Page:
Inside the Google Keyword Planner Tool, you’ll see the column titled ‘suggested bid’. The dollar values listed in this column suggests an estimated cost per click. The higher the suggested bid value is, the more money people are prepared to spend for a click.
How does this relate to choosing good keywords? Well, let’s say that you are trying to decide which one of two keyword phrases to create content around when both phrases are relevant to your business, have high levels of traffic and reasonable levels of competition.
If one of the keyword phrases has a significantly higher cost-per-click dollar value than the other, there’s more of a chance that the keyword will result in more profitable traffic coming to your website from the search engines.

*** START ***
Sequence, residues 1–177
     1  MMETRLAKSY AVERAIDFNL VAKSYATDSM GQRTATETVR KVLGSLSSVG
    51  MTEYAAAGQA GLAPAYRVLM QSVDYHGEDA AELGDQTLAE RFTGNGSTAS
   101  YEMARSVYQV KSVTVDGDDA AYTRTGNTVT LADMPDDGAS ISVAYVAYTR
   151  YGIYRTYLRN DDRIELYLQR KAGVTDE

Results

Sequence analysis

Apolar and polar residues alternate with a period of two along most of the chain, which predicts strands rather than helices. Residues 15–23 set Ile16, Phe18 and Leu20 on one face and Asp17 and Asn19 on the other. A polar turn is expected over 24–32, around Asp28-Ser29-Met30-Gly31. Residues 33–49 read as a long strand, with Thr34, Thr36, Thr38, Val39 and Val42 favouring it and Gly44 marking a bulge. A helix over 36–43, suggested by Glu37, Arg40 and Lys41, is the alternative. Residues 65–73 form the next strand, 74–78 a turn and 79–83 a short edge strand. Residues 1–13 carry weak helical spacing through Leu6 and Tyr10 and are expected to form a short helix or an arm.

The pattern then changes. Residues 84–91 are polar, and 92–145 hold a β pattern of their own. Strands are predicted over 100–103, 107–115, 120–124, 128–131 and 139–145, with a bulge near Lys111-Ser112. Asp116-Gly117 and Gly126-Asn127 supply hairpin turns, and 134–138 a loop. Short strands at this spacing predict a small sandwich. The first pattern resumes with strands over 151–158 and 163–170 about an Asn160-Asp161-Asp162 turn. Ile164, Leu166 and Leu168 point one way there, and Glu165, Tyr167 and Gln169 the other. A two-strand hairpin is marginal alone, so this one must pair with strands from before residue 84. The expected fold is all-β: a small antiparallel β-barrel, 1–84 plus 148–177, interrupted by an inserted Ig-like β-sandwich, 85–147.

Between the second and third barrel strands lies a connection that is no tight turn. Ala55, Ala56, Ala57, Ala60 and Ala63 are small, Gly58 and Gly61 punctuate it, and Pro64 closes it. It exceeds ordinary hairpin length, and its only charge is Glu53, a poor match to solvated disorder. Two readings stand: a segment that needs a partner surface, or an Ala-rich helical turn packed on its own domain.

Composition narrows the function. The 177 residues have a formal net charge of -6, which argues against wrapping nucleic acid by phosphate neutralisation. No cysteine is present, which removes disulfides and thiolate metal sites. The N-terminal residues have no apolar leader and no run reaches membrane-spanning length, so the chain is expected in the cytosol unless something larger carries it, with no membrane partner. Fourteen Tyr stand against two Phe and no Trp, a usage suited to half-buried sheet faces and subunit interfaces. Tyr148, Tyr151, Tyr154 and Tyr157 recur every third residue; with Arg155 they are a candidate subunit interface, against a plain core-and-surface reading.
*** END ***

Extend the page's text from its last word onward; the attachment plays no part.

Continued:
You should always adopt a quality over quantity approach when it comes to the content you produce and the types of keywords that you target.
That’s why it’s important to differentiate your content marketing strategy by not just targeting high traffic keywords, but keywords that will drive high quality, profitable traffic to your website and your business.
Now that you understand the fundamentals of conducting quality keyword research for your business, it’s time to learn how to put this all together.
In Part III of this series, we will walk you through the steps in combining your keyword research together with your website and content marketing strategy to increase website traffic.
What’s your favourite way to conduct keyword research? Please share with us your keyword research strategy by leaving a comment below.